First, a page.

"You can see it just the way they go after tipped balls," said Levy. "That's not luck, believe me, that's taught in drills. He has his people alert to it. You can get very exotic with X's and O's, but they don't mean anything if you don't have the players out there aware, and executing. Wasn't it another New Englander -- Ralph Waldo Emerson -- who said that a brilliant idea is a job half done? I think that was Emerson. Well, they've got the game plan, and they're taking care of the other half."
Asked if he were in awe of New England's 14 consecutive wins, Levy said, "Absolutely! Especially in today's NFL, that's a remarkable achievement."
Dynasty in making? Among the greatest changes, when comparing NFL eras, is not just the size and strength of the athletes, but the evolution of the rulebook and the financial structure that governs the league. Amendments to the rulebook have made for a somewhat safer and far more wide-open game, secondaries no longer allowed to hogtie and blast receivers with menacing abandon, quarterbacks made less vulnerable to career-ending body slams. The advent of salary caps, hand in hand with free agency, certainly have made for a near-perfect profit model, but they've also made it extremely difficult for clubs to maintain their core talent and remain perennial contenders.
Just in recent years, mention of dynasties-to-be in places such as St. Louis and Tampa Bay has melted away faster than the ice sculptures at their respective Super Bowl victory celebrations.
"But I'd say this New England team is on the verge of being considered a dynasty," said Walsh, who coached his San Francisco 49ers to Super Bowl victories in January 1982 and '85. "If they can win this next one -- and I think they will --and they win one more in the next couple of years, I think they'll have their place in history. That's all the more impressive, because I think all of us felt, the way the game is today, there's no more room for dynasties. It's a great run for New England -- one of the greatest of all time."
Former Patriot linebacker Steve Nelson rates the 14 consecutive wins, "the most remarkable of anyone, outside of the Dolphins." Like Levy, he is impressed with his former club's focus. Unlike Walsh, though, he's somewhat hesitant to inch them toward "dynasty" status.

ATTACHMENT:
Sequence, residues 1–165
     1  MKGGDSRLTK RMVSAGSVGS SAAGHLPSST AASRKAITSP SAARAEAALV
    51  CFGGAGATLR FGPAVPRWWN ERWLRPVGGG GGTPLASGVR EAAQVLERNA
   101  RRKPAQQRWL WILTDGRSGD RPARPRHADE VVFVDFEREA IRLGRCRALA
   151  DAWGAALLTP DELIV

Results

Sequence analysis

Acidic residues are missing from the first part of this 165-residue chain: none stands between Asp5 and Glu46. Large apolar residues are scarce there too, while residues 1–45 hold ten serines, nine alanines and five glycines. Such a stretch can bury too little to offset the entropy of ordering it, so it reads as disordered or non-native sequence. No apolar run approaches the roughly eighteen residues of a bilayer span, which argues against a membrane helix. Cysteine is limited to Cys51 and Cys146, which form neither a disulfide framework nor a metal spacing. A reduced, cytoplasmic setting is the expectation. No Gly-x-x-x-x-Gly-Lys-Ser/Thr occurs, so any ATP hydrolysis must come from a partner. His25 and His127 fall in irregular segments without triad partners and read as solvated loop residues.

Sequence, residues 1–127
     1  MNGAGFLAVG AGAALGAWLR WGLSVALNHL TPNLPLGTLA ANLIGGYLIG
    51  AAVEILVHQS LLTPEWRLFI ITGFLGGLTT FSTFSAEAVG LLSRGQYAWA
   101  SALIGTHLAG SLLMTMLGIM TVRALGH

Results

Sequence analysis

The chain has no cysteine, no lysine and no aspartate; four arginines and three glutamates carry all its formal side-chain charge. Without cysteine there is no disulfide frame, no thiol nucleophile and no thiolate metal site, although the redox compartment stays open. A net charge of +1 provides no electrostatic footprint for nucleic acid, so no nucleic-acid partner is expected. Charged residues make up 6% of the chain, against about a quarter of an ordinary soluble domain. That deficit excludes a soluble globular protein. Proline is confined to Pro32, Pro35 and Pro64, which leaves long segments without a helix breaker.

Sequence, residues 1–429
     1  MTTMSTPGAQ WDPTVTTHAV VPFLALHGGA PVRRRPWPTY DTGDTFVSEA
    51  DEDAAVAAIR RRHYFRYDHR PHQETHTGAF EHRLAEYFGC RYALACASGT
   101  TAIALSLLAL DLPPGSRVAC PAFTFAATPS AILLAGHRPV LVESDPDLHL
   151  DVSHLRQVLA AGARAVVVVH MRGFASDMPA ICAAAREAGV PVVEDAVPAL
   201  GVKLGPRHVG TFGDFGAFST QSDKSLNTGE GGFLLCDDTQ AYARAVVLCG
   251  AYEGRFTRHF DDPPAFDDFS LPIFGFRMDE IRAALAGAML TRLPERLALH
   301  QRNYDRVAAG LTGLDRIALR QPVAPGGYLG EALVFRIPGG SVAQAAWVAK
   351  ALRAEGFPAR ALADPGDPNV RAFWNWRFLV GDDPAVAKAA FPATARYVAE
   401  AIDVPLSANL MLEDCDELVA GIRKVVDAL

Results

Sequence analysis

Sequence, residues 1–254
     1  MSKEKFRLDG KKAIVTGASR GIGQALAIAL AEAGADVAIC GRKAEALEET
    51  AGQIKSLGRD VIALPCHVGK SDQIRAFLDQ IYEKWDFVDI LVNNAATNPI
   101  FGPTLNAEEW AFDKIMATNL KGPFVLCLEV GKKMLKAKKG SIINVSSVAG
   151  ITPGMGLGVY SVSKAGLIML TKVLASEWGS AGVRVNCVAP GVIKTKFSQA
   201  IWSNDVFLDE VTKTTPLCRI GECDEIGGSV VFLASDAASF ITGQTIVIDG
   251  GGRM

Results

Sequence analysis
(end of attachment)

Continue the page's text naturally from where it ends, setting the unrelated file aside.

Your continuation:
"I don't think you can do that yet," said Nelson, head coach of Curry College, enlisted regularly on radio and TV for his NFL/Patriots analysis. "But I think you can put them down as the most successful franchise today. They've become the model of how to do things."
With Belichick's guiding hand influencing virtually every personnel decision, the Patriots are headed back to the Super Bowl for a second time in three years. In the 2001 season, they made the monumental, controversial shift at quarterback from Drew Bledsoe to Brady. They continued to draft well. They augmented the roster wisely with free agents, most notably this year with the addition of safety Harrison. They made wise trades. Witness: the Washington monument.
"When they go shopping, it's at Wal-Mart and Kmart, for the Blue Light specials," said an admiring Theismann, effusive in his praise of Belichick, his assistant coaches, and the work of Scott Pioli, the club's vice president of player personnel. "They just have a knack for bringing in the right guys at the right prices. And now, with two No. 1's [draft picks] and two No. 2's this year, imagine what they'll do when they're shopping at Gucci's and Nordstrom's. I can tell you, they aren't going away."
Theismann, who has predicted for weeks the Patriots will win the Super Bowl, figures the blend of coaching, player acquisition, and on-field motivation and execution should keep New England among the league leaders for years.
"That's so tough to find in today's game," he said. "Think about this 14-game winning streak. I mean, how many times could there have been just one play, one run, one pass, that changed everything? There is just a slim margin for error in this game. Think about that [playoff] game with Tennessee. If [Titans receiver] Drew Bennett catches that ball, then it's a whole different outcome, and we're not talking about 14 wins right now. One play!
"But, you know what? As thin as that margin is, I wouldn't bet against New England being that next team of destiny, or the next dynasty in the NFL."
CBS analyst Simms, who'll be working alongside Greg Gumbel next weekend in Houston, remembers his days as a Giants quarterback when the somewhat-quirky Belichick was as assistant coach.
"I can't explain how hard he worked," recalled Simms. "He was legendary. I mean, he'd pull out his exercise machine in front of the projector, and he'd be there exercising as he watched films. We kind of made fun of him. But that's Bill Belichick. He wants to be a good football coach, he's a plodder, doesn't change much, and he's built a tremendous organization in New England.
"He just plods along. He's so not cool, he's hip."
To win 14 in a row, said Simms, takes some breaks. But, he added, it also says a lot about what the Patriots have done and who they are. Don't discount the mounting pressure that comes with each win, he said, again crediting Belichick for helping them to persevere. Just as their coach is a plodder, by Simms's eye, the Patriots have become the ultimate grinders, never giving up or backing off.
"It's like they just wear other teams out," he said. "It's like their opponents eventually just say, `Hey, OK, here, you can take it.' "
All things considered in today's game, said Simms, just making it to the final game twice in three years is a tremendous accomplishment.
"Now, if they win, is that a dynasty?" said Simms. "Well, if they do, that will be the story of training camp, that's for sure. And by the time training camp is over, they all will have heard that question about 5,000 times and they'll be sick of it. Are they? I don't know. But it's a nice story, and a good debate."